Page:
“I liked how it could automatically calculate the tip for you based on a percentage, so I don’t have to pull out my phone,” Molina said. “I also liked how the waiter or waitress could separate the check, and each of my friends could pay for their share without having the waiter or waitress do a big hassle of bringing five or more checks to the table.”
In August 2012, Publix Super Markets introduced the concept of online deli ordering to customers. By October of that year, the Publix Deli Online Easy Ordering service was offered in 50 of the supermarket chain’s locations. Aimee Guralnick, a University of Florida biology senior who has worked for Publix for seven and a half years, said that online ordering expanded to the Hunters Crossing Publix on 43rd Street around January 2014.
“Publix decided to implement online ordering in the deli because slicing meats and cheeses, and making subs is time consuming,” Guralnick said. “When you’re going grocery shopping, there always tends to be a line in the deli, and it’s not fun waiting for your number to be called then feel rushed to have your meats and cheeses sliced because of the line behind you.”
Gainesville residents are now able to pre-order subs, sliced meats and cheeses, or party platters on their computers or mobile devices for a pick-up time they choose.
“Online ordering makes it so much easier for the customer who wants to have their sub made for them before they get there, so they don’t have to wait–or the customer who wants to grab their custom meats and cheeses and then go on with their shopping,” Guralnick said.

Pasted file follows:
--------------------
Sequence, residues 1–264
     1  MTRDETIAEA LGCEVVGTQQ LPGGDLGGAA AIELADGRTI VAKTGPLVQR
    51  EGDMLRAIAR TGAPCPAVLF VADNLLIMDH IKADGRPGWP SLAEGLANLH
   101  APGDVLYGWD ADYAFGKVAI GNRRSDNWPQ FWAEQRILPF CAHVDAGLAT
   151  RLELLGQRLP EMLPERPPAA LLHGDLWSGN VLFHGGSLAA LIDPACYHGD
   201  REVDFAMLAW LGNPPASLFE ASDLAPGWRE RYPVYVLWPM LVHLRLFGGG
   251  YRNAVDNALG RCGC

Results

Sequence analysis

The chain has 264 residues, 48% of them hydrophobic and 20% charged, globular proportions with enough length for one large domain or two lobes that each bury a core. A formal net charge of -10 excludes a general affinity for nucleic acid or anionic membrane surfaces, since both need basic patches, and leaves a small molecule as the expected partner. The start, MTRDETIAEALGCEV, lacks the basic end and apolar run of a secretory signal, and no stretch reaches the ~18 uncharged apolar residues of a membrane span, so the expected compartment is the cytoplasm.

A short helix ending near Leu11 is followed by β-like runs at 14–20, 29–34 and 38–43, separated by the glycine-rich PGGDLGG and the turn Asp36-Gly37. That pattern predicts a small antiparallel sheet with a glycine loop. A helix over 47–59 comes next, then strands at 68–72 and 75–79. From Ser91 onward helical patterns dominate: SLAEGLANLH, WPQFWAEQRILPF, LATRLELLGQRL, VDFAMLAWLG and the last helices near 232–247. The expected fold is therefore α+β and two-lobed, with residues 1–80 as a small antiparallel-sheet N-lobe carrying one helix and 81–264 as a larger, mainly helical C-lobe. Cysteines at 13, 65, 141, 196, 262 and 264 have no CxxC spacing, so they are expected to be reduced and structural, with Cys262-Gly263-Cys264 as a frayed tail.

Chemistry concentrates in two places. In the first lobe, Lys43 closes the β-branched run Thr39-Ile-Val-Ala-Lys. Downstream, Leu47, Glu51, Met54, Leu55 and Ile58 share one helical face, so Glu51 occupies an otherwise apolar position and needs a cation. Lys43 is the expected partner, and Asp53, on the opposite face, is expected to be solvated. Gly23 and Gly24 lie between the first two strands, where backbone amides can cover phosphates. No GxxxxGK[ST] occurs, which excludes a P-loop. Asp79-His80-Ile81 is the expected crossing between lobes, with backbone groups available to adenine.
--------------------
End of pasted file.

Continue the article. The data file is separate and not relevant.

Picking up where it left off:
Publix’s slogan is, “where shopping is a pleasure,” and Guralnick, who works at the customer service desk at the front of the store, said online ordering has impacted the customer service experience at Publix in a positive way.
“I used to hear many complaints of the long wait times for the deli,” she said. “Now, there are much fewer complaints and the ones we get we can refer them to the online ordering system. A lot of people still don’t know about it, so it’s our way to help them and implement its use for their next shopping trip.”
Rather than taking customer service out of the dining experience, technology is improving it. Chili’s is benefiting from its kiosks through an increase in customer feedback and happiness.
“They definitely improve customer service at Chili’s,” Molina said. “Paying the check is much quicker, and they also had things like the specials or drinks on there, so you don’t have to ask the server. Since it helps the server out, it can take some stress off their job, and in doing so, allows them to bring a better customer service experience to the diner.”
Domino’s is also reaping the benefits of technology in the customer service area.
“Digital is cool, you know?” Wehbe said. “The best part of digital to me, as a franchise owner, is the feedback.”
Wehbe reports that he now receives 150 to 200 customer comments a week. He believes this is better than the occasional face-to-face comment.
“To be able to listen, to respond and fix things if it’s wrong or acknowledge that we’re doing a great job is a great thing to get,” Wehbe said. “It think that’s one of the components within the digital QSR world that is not really talked about. It’s not a thing.”
Wehbe said that he reads a lot of publications, and he never sees an article on the impact technology has on customer service.
“At the end of the day, today’s consumers, specifically millennials, want it quick, they want it right, and they want it to be value-priced,” Wehbe said. “The top 10 (QSR) companies that are publicly traded all have those three things. They have digital, they are quick, they have an open kitchen, and they are innovative and they adapt.”
He added, “Millennials really control the QSR industry, and if we don’t adapt, we’re going to go away. It’s that simple. I see it. Restaurants today that are refusing to change and sticking to what it was 20 years ago, I don’t see how they’re going to make it until they change.”